Settala’s body was buried in the Church of Riva San Vitale, at the foot of Mount San Giorgio. In 1387, by order of the Bishop of Como, Beltramo da Brossano, the body of the Blessed was placed in a marble tomb at the foot of the Altar, so that in the future, all the faithful Christians may be given greater devotion and reverence to the memory of Blessed Manfredo.

In 1633, the body was placed in a precious urn and given the place of honour under high altar, where it is currently venerated and where various Parishes in the region, on separate Sundays, meet on a annual pilgrimages.

On the walls of the Baptistry, there are two beautiful paintings by Giovanni Battista Bagutti (1774-1823) of Rovio, depicting the passage of the blessed into mountain of solitude and his transport from San Giorgio to the Church of Riva. The liturgical feast is celebrated on 27 January, which in Riva, is considered a public holiday; while on the following Sunday, a procession and Holy Mass, is celebrated, with large numbers of pilgrims attending. The streets are decorated for devotion to the blessed, is still very much alive in the region.

One of Bl Manfredo’s most famous miracles was the transformation of stones into bread during a period of famine. On the eve of his feast, it is still customary, to distribute blessed bread to all families.


Notre-Dame-de-Vie / Our Lady of Life, Provence, France and Memorials of the Saints – 27 January

Notre-Dame-de-Vie / Our Lady of Life, Provence, France – 27 January:

The town of Mougins is really an ancient village located in the south of France. Only a short drive from Cannes, it is completely surrounded by dense forests and there are a variety of tall pines and other trees growing amidst the town’s buildings. Like so many other places in Europe, the village was once also surrounded by a stone wall set with strong towers, though most of those walls have long since fallen down. Many of the charming older residences, however, are still in use, opposite newer dwellings.
It was sometime during the 11th century, when a local nobleman gave the hill, which overlooks the village, to the Monks to Saint Honorat, who cared for the local populace until the time of the French Revolution. The Monks built a Chapel on the hill known as Saint Marie, though very little of that original structure still remains. The Chapel of Our Lady of Life, or Notre Dame de Vie in French, was built in 1646 and stands upon the former site of that much earlier Church.

The Altar of Our Lady of Life in the new Church

If one were to visit the hermitage of Notre Dame de Vie, Our Lady of Life, they would find it situated on a beautiful site still overlooking the village, set in a long meadow bordered by two rows of giant cypresses. There is a natural peace and quietude, that seems to invade the soul at this place, which was once a site of many miracles.
The name of the first Chapel was changed from Saint Mary to Notre Dame de Vie, Our Lady of Life, when it was discovered that one could find a heavenly respite there. Notre Dame de Vie soon became famous throughout the area as a special sanctuary of grace, for if still-born babies were brought there, they would be miraculously brought back to life long enough to be Baptised during the Mass.
“At the present day, the chapel has fallen to ruin and a stone cross broken in half, rises alone amid the ruins but underneath these ruins there are subterraneous vaults and a stone altar, still tells where they still come to lay those little children whom death had smitten on the threshold of life and, who have been unable to receive the sacred sign which would have made them like unto the angels.”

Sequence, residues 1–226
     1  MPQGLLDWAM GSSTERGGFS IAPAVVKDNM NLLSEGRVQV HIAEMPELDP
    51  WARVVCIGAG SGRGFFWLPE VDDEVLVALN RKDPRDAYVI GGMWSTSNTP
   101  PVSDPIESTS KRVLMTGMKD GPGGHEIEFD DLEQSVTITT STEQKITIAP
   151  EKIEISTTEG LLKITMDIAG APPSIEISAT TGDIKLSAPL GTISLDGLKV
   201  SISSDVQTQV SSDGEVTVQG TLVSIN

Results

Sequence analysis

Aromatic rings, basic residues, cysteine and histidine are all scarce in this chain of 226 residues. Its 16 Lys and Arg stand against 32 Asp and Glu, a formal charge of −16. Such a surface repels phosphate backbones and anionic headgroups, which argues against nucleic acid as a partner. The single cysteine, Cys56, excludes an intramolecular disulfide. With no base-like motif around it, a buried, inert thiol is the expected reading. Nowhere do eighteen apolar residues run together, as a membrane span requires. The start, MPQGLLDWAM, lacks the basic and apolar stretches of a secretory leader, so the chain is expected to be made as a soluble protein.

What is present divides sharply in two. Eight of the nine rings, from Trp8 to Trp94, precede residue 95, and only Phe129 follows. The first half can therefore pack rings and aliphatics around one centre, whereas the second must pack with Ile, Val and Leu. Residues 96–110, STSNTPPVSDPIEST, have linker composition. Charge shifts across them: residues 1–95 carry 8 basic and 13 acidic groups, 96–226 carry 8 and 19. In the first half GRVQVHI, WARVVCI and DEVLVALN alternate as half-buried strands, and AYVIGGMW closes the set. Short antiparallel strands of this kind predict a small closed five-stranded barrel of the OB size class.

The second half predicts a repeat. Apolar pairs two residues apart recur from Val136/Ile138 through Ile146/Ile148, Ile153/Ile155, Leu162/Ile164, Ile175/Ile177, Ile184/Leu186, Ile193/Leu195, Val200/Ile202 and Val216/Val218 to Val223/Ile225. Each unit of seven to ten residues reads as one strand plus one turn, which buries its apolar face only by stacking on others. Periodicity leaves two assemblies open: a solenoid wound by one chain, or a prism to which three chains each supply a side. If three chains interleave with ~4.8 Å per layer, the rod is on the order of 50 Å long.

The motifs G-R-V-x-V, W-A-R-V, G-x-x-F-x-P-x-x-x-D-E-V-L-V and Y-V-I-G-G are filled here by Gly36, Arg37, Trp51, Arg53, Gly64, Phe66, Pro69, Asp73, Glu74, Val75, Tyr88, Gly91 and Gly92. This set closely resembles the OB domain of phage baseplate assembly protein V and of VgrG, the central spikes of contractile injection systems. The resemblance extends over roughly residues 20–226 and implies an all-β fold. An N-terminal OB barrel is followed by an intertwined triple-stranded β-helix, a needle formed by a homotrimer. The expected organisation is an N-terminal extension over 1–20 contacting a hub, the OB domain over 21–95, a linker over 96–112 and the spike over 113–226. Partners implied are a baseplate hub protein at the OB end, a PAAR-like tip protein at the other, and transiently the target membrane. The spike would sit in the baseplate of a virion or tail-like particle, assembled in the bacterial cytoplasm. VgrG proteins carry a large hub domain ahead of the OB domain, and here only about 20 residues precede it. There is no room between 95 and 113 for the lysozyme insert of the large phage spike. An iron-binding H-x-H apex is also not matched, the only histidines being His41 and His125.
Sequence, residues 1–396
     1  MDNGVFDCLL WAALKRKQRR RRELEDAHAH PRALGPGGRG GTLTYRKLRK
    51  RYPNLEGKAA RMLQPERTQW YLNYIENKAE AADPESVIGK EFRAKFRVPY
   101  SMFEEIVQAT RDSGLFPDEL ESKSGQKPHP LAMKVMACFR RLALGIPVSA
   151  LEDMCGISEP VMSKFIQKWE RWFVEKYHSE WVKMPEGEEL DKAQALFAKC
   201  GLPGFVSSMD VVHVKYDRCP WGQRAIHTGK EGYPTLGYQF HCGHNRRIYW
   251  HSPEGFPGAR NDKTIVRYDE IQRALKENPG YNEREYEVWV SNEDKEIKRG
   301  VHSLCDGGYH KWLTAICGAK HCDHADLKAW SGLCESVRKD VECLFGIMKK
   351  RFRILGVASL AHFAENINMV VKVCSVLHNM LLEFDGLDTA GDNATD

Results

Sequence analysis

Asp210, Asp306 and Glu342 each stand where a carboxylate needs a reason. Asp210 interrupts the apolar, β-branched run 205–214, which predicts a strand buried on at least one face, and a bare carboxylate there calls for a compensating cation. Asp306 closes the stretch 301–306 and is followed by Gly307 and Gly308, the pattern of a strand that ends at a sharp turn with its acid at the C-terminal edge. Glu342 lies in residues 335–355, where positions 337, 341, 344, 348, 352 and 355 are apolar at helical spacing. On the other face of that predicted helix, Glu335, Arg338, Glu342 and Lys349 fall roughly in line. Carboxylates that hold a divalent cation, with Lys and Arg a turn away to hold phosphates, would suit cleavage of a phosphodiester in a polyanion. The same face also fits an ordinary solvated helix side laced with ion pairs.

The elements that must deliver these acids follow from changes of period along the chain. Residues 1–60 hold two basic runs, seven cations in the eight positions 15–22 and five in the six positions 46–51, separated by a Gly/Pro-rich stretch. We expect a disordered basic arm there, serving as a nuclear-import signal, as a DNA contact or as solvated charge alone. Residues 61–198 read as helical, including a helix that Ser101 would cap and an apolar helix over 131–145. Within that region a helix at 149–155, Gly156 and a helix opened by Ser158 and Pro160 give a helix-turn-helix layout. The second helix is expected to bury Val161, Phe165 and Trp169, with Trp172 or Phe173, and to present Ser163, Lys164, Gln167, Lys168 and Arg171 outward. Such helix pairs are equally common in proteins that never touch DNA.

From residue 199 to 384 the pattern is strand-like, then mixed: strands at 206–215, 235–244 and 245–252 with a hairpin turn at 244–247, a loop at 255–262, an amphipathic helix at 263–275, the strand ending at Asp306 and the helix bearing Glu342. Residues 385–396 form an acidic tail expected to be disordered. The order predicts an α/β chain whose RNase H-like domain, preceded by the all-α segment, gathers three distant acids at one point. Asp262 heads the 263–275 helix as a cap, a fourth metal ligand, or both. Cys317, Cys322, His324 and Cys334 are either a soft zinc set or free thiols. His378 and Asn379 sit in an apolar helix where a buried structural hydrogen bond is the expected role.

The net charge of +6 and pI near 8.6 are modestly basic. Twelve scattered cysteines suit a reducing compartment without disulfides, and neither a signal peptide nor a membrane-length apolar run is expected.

“No sooner are they laid upon this stone, says the mountaineer who serves as a guide to the traveller in this dark crypt, than their eyes open again, a slight breathing escapes from their little lips closed by death, the water of Baptism flows upon their foreheads and then, they fall asleep again, to ascend to heaven.”
“By digging a little into the ground, the remains of these poor little flowers of humanity, which withered at the icy breath of death in the first hour of their morning, are found round about the altar dedicated to the Blessed Virgin, who raises up the little children to life, that they may go to Jesus Christ; that ignorant, but exalted tenderness of feeling which came to beg the miracle of Mary, interred them beneath her wing, that she might not forget them!
“Let incredulity be indignant at this superstition of the heart; tender and pious souls will find in it, only a motive for gentle commiseration. No doubt, more than one mother has been deceived in thinking that she saw the cold lips of her child become reanimated with her kisses to receive the sacred water but. whoever should dare to advance that Mary cannot perform miracles as great when she pleases, would be, to say the truth, a bold mortal.” (*from Life of the Blessed Virgin Mary, with the History of Devotion to Her, by Mathieu Orsini, translated from the French.)
The Chapel is home to an ancient statue in polychrome wood of the Virgin and Child. It is piously believed, that through this image, the Blessed Virgin has often restored to life children who had died without Baptism.
In 1730 the practice was prohibited for unknown reasons. There is a tomb in an adjacent enclosure that contains the remains of the tiny bodies of those who were Baptised and have passed to paradise.

St Angela Merici (1474-1540) (Optional Memorial)
Full Biography:

Bl Antonio Mascaró Colomina
St Avitus
St Candida of Bañoles
St Carolina Santocanale
St Devota of Corsica
St Domitian of Melitene
St Emerius of Bañoles
Blessed Jurgis Matulaitis-Matulewicz/George Matulaitis MIC (1871-1927)
His Story:

St Gilduin
Bl Gonzalo Diaz di Amarante
St Henry de Osso y Cervello
St John Maria Muzeyi
Bl John of Warneton
St Julian of Le Mans
St Julian of Sora
St Lupus of Châlons
Blessed Manfredo Settala (12 Century-1217) Priest and Hermit “The Hermit of Monte San Giorgio”
St Marius of Bodon
Bl Michael Pini
St Natalis of Ulster
St Paul Josef Nardini
Bl Rosalie du Verdier de la Sorinière
St Theodoric of Orléans
St Pope Vitalian

Martyrs of North Africa – 30 saints: A group of 30 Christians martyred together by Arian Vandals. The only details to have survived are four of their names – Datius, Julian, Reatrus and Vincent. c 500 in North Africa.

Datius of Africa and 46 companions

Lucius of Africa and 40 companions